Content ID

46128

Grassley sees tighter USDA budget for farm bill

Congress hasn't yet decided how much money will be allocated for the 2007 farm bill, but with higher commodity prices, it appears that the spending baseline will be about $18 billion less than what was allocated for the 2002 farm bill, Senator Chuck Grassley (R-IA) told Iowa Farmers Union members last weekend.

Tuesday, Grassley said that he's hopeful that at least some of the $18 billion will be added back for spending in the next farm bill, because the Senate Budget Committee is headed by Kent Conrad, a Democrat from another farm state, North Dakota. And, he pointed out his fellow Iowan in the Senate, Agriculture Committee chairman Tom Harkin, is also arguing for more spending. Grassley sits on both the Agriculture and Budget committees. Restoring funds will be harder in the House of Representatives, he said.

"I think there's a good chance we'll have some of the money restored. We probably are dreaming if we think we'll have all $18 billion restored," he said.

When asked if the farm bill would be affected if the $18 billion is not added back, Grassley told reporters Tuesday, "I think the programs that will suffer will be the things that we would like to expand."

That likely would affect finding more money for conservation and for the development of biofuels, he said.

"I think it's going to be more difficult to take money away from crop support programs," if the budget is smaller, he said.

The budget committees are already getting lots of pressure to increase spending for agriculture.

In late January, a letter went to the committees from 100 farm groups including commodity groups, American Farm Bureau Federation and National Farmers Union urging them to "resist efforts to force further budget reductions on agricultural, food assistance, conservation and other critical programs."

On February 7, 116 other farm and conservation groups, including National Catholic Rural Life Conference, the Sustainable Agriculture Coalition, and the American Society of Agronomy, sent a similar letter urging more funding for ag.

Ferd Hoefner, a lobbyist for the Sustainable Agriculture Coalition, said he has since gotten "a positive reaction from budget committee staff" who say that some increase in funding from the baseline is a possibility.

Many of Grassley's own top priorities for the next farm bill aren't costly, but in the past they haven't made it past opposition, either in Congress or the Bush Administration. Last Saturday Grassley outlined his top six goals to members of Iowa Farmers Union at a meeting in Des Moines, Iowa. They include:

  1. A ban on long-term ownership of livestock by meatpackers. Grassley says packers use ownership to drive down prices when the market is high, something the American Meat Institute disputes, saying that contracting to assure supplies is a normal business practice.
  2. Limiting farm program payments. "I want a hard cap on farm payments that does away with the subterfuge of generic certificates (used to circumvent limits in the marketing loan program) and the three-entity rule," Grassley said. The administration has proposed instead that farm program payments be denied to those with more than $200,000 in adjusted gross income. Grassley said it's an idea he's also interested in. "That may be the simplest way to do it," Grassley said later, although there may also be privacy issues if the names of those denied program payments become public.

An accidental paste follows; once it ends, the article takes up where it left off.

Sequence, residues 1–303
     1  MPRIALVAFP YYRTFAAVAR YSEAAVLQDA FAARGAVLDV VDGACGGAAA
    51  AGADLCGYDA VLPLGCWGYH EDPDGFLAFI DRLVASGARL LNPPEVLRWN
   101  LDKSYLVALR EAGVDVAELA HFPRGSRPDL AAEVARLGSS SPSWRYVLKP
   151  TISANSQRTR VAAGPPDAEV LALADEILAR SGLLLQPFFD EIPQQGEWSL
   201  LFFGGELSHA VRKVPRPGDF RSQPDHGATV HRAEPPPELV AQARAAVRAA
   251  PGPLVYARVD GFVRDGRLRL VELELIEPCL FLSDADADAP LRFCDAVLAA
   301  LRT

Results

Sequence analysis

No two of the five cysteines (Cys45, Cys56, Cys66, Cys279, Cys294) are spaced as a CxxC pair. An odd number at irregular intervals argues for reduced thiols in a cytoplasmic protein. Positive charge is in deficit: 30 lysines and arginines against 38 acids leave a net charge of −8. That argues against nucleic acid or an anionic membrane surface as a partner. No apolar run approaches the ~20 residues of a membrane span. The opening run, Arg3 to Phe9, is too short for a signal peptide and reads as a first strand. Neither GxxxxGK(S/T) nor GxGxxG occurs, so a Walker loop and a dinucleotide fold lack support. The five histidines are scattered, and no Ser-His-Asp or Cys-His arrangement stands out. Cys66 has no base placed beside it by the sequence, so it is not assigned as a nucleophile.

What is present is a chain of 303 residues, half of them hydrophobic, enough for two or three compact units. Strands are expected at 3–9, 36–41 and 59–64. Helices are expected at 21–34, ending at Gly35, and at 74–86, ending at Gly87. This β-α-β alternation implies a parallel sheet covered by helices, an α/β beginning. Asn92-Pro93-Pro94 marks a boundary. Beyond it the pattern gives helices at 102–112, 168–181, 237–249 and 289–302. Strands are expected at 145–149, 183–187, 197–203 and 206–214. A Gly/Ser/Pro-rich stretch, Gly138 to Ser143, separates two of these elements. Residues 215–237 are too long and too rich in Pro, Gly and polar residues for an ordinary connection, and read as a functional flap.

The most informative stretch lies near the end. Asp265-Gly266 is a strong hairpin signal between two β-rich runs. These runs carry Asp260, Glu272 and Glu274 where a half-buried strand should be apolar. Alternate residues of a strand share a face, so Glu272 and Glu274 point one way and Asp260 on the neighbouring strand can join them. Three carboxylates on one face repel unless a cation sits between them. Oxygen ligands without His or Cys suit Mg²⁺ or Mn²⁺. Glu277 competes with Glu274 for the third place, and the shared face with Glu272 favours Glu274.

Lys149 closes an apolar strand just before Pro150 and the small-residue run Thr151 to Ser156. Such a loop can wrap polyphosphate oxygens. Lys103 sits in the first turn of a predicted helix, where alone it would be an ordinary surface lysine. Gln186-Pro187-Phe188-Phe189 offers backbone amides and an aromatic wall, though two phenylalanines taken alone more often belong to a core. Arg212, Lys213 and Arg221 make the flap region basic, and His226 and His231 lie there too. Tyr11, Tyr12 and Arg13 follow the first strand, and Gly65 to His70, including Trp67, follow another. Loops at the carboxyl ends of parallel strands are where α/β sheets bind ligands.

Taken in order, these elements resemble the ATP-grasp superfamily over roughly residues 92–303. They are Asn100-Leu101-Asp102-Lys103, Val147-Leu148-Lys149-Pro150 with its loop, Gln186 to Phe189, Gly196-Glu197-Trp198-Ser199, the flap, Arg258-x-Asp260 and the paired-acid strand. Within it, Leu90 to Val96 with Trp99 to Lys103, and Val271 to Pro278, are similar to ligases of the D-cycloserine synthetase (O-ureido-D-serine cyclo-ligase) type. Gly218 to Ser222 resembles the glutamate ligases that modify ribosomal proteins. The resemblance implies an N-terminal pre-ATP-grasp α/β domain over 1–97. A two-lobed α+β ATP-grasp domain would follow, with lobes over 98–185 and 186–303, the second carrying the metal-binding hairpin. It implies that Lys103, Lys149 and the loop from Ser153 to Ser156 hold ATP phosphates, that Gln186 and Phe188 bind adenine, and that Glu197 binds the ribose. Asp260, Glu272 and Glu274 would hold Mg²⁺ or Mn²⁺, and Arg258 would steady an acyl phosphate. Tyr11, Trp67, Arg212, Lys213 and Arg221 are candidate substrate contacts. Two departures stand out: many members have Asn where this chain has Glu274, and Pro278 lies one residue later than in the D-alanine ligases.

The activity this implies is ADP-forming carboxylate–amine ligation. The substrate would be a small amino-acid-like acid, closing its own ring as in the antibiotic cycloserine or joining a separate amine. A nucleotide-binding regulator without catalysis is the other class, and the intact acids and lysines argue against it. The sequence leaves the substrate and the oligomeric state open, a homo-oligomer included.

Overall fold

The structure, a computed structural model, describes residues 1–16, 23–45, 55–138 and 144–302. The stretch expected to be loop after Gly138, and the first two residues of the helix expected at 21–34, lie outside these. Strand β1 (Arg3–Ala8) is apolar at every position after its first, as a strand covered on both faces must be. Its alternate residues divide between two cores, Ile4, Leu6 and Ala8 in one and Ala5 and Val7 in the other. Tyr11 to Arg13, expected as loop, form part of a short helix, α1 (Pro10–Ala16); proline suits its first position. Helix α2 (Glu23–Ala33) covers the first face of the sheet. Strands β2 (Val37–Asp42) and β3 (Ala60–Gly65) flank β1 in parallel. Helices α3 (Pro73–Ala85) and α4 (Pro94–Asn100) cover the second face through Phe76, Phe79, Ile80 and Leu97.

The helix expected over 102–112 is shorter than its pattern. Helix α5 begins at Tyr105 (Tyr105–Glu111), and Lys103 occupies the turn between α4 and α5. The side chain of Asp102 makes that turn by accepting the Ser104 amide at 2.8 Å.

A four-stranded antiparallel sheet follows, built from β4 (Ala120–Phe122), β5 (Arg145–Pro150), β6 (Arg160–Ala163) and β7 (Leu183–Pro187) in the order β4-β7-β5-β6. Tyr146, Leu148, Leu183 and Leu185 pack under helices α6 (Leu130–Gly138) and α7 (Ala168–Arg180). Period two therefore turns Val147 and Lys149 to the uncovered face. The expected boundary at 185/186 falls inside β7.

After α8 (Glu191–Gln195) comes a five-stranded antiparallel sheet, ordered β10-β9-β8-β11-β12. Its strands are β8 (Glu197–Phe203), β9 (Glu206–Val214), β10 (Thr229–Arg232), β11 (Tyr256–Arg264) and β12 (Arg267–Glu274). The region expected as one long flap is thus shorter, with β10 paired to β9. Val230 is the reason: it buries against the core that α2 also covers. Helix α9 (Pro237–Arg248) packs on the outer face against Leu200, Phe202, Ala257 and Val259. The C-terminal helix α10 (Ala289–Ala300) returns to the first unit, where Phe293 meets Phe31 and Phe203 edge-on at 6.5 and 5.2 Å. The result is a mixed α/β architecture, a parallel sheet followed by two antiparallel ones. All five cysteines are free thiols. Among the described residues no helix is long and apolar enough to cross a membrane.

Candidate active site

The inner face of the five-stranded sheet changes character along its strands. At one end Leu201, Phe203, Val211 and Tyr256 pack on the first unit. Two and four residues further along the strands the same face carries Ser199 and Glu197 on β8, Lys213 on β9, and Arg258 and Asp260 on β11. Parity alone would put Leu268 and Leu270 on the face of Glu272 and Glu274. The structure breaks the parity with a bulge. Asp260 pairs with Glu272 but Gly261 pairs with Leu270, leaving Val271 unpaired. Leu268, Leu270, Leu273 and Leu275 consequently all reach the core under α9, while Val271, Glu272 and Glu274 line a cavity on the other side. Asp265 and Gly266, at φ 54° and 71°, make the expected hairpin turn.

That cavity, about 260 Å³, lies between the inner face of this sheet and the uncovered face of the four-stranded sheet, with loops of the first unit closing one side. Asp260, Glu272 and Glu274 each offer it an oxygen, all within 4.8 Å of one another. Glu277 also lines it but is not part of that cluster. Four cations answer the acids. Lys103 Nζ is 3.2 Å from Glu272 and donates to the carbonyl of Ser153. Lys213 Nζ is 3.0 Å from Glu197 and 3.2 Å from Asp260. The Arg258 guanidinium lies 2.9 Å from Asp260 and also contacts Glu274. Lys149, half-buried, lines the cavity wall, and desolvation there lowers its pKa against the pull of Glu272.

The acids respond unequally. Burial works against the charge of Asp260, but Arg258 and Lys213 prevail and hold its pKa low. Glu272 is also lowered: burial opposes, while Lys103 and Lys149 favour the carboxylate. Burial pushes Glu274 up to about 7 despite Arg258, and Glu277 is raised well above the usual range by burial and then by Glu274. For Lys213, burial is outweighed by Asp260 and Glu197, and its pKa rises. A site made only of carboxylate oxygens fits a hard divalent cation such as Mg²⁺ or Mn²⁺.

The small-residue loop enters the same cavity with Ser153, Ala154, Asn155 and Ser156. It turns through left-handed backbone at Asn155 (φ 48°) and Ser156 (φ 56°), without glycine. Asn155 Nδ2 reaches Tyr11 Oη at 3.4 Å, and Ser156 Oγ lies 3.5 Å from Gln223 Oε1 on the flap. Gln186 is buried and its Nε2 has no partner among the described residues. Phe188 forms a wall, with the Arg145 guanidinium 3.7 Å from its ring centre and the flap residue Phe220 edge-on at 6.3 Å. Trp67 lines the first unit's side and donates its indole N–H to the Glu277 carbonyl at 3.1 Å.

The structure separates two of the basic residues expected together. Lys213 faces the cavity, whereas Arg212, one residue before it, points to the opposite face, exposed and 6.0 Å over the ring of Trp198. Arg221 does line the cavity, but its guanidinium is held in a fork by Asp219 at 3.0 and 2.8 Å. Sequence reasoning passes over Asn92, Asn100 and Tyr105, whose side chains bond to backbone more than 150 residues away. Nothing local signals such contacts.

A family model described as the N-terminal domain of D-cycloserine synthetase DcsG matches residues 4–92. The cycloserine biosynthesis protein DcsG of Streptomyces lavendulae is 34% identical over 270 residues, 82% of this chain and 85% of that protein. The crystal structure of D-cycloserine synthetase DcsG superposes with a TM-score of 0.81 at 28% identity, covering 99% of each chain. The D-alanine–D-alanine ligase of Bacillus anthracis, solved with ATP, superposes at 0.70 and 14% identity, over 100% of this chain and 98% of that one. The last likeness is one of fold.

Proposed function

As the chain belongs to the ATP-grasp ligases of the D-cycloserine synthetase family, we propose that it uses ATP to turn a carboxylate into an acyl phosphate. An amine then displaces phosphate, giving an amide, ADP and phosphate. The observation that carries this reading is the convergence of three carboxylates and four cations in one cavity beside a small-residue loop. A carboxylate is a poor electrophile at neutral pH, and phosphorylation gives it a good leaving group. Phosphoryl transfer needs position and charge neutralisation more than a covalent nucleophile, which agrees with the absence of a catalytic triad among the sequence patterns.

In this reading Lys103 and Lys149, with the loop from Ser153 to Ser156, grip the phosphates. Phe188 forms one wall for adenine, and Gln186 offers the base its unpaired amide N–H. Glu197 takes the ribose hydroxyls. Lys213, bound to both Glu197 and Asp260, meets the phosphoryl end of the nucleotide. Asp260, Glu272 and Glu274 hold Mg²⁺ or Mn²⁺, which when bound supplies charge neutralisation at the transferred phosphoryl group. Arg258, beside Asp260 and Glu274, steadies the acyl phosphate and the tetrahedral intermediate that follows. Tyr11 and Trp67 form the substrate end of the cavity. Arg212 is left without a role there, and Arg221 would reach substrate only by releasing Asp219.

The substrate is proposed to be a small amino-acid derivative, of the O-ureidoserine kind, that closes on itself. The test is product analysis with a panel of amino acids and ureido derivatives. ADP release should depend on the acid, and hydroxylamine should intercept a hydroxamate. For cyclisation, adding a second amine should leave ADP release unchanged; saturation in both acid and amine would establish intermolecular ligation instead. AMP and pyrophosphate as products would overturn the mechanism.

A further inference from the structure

3. Improving mandatory price reporting by meat packers. The program isn't working as well as Grassley had hoped in the Iowa-Southern Minnesota hog market, Grassley said.
  4. Better enforcement of antitrust laws and laws insuring competition in agriculture such as the Packers and Stockyards Act.
  5. A ban on mandatory arbitration clauses in agricultural production contracts. "I'm an advocate for arbitration because I think anything you can keep out of the courts is good—but not mandatory arbitration," Grassley told Farmers Union. If a contract livestock producer gets into a dispute with the company the producer works with, mandatory arbitration bans the possibility of taking the company to court, and also keeps the farmer's attorneys from using legal discovery, Grassley said.
  6. Mandatory country of origin labeling, something in the last farm bill that Congress later delayed. "I'm very much for the consumer knowing where his food comes from in the same way a T-shirt has to be labeled if it comes from another country,' Grassley said.

Grassley said that he met with Senator Agriculture Chairman Harkin early last week and that, on major issues in the next farm bill, the two senators are in agreement.

Congress hasn't yet decided how much money will be allocated for the 2007 farm bill, but with higher commodity prices, it appears that the spending baseline will be about $18 billion less than what was allocated for the 2002 farm bill, Senator Chuck Grassley (R-IA) told Iowa Farmers Union members last weekend.

Read more about
Loading...

Talk in Marketing